It’s fair to say that therapists of many stripes have integrated mindfulness meditation, either through the use of well-developed protocols, such as MBCT, or the integration of specific practices, such as the 3-Minute Breathing Space, into their clinical practices. But do we know, as is the case for pharmaceutical treatments, whether there are problematic side effects associated with its use?
Users of MBCT and MMBPro may be surprised to see that we encourage them to take time away from our course and to split up sessions by a few weeks. We used this approach because using the practice first in therapists’ own lives is such an important part of learning it.
Mindfulness has become a pretty huge buzzword in the last few years. Search the term and you’ll end up with so many different articles, opinions, ideas, and ways to implement the practice that it can become overwhelming.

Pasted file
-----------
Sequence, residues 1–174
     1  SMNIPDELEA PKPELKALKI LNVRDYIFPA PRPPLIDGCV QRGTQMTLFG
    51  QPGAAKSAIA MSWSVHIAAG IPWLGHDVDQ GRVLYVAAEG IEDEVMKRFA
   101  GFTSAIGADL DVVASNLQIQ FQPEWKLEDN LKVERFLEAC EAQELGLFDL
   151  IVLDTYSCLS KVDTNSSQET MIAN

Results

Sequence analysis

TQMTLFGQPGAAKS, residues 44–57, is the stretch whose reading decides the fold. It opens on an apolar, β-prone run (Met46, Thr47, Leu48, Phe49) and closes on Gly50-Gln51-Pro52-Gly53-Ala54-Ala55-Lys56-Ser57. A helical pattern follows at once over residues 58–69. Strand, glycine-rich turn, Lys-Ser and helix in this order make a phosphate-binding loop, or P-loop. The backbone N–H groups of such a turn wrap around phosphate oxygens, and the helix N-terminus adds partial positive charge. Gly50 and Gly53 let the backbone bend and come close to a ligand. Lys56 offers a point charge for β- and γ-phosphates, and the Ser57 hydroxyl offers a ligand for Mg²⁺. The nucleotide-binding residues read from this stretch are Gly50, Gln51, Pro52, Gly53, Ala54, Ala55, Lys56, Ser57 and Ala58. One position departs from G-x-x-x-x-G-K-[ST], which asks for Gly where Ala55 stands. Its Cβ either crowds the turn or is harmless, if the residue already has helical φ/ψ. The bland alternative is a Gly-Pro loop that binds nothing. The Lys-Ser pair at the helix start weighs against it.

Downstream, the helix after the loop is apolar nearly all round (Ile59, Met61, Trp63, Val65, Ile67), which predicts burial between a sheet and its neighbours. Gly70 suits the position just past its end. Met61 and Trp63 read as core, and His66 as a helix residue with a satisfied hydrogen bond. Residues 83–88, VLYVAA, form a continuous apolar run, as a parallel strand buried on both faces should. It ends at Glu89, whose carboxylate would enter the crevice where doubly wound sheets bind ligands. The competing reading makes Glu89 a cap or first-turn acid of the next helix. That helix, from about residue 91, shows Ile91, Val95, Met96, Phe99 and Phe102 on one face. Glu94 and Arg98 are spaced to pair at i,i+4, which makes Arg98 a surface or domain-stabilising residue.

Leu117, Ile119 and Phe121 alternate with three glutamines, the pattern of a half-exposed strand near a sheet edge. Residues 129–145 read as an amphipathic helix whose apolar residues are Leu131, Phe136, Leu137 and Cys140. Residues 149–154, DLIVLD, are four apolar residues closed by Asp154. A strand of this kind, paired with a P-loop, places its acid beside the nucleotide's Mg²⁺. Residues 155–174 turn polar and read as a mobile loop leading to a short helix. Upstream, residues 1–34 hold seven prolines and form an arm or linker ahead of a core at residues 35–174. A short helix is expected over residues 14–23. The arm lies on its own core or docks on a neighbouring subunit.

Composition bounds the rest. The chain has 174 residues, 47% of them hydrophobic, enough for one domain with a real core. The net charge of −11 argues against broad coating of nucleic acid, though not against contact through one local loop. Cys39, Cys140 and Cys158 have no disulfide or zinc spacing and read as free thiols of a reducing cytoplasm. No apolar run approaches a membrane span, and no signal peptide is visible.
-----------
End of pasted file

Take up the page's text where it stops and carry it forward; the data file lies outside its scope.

The increasing number of veterans returning from tours of duty leads to an increased awareness of PTSD and its symptoms. Mindfulness is becoming increasingly well known also, if only at the most basic level of its definition. But how do the two relate to each other?
Our patterns of negative thinking are often based on old, well-practiced, automatic cognitive routines (often repetitive). They are motivated (usually ineffectively) by the goal of escaping/avoiding distressing feelings or problematic life situations. These unhelpful routines persist because we remain in a cognitive mode characterized by a number of features.
Participants in Mindfulness-Based Cognitive Therapy who are also taking antidepressants often wonder whether they will be able to come off their meds once the program is over or, for some, before or as they begin the MBCT program.